PEOPLE who are used to being in control are among those most affected by the stress of the coronavirus lockdown: they can feel helpless in the face of a problem that they cannot deal with, a psychotherapist and studies have said.
One priest who works as a group analytic psychotherapist, the Revd Dr Anne Holmes, said that the “underlying angst is a very hard thing for people who are normally high-functioning. Adjusting puts a strain on them.” Describing the virus as the “unknown enemy”, she continued: “Because everyone is aware this is a unique situation and unknown to our usual living experiences, people with important positions have tended to downgrade themselves and might not be asking for help for themselves because it is not important in the great range of things.
“Those whose identity is tied up with being the one in charge are at risk of grandiosity and are likely to falter when faced with a situation over which they have no control.”
She compared the current crisis to her experiences as an army wife living in Belfast during the Troubles. “In Ireland, you got used to checking the car and having your handbag searched. You knew what you were dealing with. The difficulty with this is that it could be anywhere, on anything. People even worry about their shopping.”
The Revd Hilary Ison, who has just completed a three-year study on the effects of trauma and tragedy on Christian congregations, said: “One of the key elements of trauma is being rendered helpless or powerless and not being able to fight or flee. ABC 1 types probably thrive on being in control and using ‘fix-it’ energy to sort things out and exercise power over processes and people. In this Covid-19 pandemic, the hero leader is powerless to deliver people or the church from this situation.”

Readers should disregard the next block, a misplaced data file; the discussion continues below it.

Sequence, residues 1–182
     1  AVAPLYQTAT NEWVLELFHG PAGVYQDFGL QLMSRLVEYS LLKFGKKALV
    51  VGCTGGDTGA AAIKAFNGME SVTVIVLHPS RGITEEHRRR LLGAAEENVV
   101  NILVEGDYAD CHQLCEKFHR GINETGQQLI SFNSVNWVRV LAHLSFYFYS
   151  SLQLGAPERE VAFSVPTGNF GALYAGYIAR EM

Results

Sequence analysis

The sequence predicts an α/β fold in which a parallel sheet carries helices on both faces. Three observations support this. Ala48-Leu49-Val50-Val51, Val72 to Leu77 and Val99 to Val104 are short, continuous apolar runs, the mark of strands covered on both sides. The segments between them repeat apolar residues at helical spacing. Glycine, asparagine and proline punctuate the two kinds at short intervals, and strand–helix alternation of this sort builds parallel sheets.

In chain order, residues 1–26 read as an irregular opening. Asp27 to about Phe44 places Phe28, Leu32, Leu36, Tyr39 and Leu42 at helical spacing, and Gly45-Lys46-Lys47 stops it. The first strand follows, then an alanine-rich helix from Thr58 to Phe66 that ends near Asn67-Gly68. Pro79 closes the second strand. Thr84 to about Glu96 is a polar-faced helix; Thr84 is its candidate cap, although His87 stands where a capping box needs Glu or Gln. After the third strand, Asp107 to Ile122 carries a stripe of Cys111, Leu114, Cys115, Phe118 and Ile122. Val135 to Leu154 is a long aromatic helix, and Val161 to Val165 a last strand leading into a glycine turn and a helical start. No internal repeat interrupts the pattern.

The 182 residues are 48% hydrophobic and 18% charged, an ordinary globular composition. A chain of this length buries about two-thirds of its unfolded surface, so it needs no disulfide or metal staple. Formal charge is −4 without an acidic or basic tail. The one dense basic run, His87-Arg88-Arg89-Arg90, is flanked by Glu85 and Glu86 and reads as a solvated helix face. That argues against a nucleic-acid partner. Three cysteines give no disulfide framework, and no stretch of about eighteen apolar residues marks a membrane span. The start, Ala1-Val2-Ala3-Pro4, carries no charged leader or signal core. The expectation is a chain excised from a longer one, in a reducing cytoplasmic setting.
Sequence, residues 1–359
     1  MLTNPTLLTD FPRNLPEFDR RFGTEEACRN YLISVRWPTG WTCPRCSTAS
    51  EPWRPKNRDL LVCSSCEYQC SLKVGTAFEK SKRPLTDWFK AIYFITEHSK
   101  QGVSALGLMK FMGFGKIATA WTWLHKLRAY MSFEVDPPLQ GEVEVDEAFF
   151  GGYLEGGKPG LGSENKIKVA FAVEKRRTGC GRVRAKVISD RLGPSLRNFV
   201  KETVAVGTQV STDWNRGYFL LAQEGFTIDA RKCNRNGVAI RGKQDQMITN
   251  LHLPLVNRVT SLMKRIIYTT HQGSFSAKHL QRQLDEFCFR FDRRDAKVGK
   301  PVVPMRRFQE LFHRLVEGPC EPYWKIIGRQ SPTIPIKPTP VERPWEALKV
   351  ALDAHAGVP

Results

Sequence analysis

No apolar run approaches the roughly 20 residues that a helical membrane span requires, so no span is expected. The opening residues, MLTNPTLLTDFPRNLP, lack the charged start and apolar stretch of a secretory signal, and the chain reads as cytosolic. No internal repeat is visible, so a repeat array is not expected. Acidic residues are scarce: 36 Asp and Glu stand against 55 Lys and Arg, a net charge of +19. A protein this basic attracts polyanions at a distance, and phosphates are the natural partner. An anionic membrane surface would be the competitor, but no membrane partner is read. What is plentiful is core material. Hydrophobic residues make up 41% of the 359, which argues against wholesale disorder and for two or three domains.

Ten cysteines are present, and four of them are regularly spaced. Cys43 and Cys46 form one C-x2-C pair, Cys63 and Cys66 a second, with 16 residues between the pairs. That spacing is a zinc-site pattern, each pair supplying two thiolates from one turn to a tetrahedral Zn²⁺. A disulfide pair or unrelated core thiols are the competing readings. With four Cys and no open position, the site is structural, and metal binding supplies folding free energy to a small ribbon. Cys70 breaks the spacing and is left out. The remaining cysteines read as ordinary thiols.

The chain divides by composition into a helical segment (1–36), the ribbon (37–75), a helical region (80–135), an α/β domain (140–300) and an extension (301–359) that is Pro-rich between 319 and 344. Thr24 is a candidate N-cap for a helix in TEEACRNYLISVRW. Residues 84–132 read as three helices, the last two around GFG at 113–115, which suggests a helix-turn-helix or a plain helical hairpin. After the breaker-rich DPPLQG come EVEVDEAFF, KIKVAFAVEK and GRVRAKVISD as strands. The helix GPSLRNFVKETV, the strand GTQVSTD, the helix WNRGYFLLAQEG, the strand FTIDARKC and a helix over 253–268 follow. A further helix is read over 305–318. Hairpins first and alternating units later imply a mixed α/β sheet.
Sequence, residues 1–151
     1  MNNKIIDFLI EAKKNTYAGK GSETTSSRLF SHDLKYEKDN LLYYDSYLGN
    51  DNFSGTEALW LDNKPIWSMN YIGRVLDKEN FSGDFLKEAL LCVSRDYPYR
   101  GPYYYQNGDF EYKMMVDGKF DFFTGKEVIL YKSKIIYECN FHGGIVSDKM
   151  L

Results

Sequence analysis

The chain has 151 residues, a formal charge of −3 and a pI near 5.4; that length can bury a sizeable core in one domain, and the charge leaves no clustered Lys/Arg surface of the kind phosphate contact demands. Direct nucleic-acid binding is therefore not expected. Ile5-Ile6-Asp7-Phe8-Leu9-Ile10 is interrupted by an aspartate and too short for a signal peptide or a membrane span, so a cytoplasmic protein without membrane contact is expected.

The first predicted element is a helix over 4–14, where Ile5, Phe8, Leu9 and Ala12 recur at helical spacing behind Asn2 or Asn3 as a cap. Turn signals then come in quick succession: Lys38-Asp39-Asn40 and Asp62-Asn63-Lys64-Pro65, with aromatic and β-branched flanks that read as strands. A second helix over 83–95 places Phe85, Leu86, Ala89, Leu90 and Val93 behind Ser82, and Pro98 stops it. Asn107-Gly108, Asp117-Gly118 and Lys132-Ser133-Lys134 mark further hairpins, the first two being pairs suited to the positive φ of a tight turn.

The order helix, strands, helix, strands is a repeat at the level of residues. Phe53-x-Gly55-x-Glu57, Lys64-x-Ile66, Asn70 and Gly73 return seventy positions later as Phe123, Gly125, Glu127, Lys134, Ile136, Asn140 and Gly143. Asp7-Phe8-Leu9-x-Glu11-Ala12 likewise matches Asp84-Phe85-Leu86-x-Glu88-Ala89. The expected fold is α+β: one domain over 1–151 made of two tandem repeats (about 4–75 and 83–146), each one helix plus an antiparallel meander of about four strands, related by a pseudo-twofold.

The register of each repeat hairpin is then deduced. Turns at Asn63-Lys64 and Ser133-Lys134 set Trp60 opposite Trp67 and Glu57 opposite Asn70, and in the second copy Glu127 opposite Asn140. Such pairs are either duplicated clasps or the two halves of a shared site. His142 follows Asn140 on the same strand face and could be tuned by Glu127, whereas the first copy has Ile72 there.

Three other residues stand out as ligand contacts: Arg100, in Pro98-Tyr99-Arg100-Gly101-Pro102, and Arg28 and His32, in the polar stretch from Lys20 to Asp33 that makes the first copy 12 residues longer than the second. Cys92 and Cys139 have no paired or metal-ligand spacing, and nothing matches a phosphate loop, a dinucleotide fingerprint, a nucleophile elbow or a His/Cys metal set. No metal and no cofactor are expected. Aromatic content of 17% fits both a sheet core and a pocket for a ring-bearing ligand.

In the affluent west London parish of All Saints’, Fulham, some of the more well-to-do parishioners were not coping well, the Vicar, the Revd Penny Seabrook, said. “There was a great deal of anxiety when it first kicked off about finances and so on, and quite a lot of them had a knee-jerk reaction, and it has taken a while for that to settle down and for them take a more strategic view of how to deal with things,” she said. “They work in ‘overdrive’ and, when they can’t do that at work, they do it in other directions; they are now diverting that effort into other areas such as volunteering. They became hyper-vigilant, and they are having to cope with that.”
She also found that some others who already have pre-existing mental-health problems are actually doing better. “They have previously thought of themselves as not very important; not having friends, not able to keep up with people, felt overwhelmed by social media showing people having a wonderful time. At that level, the pressure is off them.”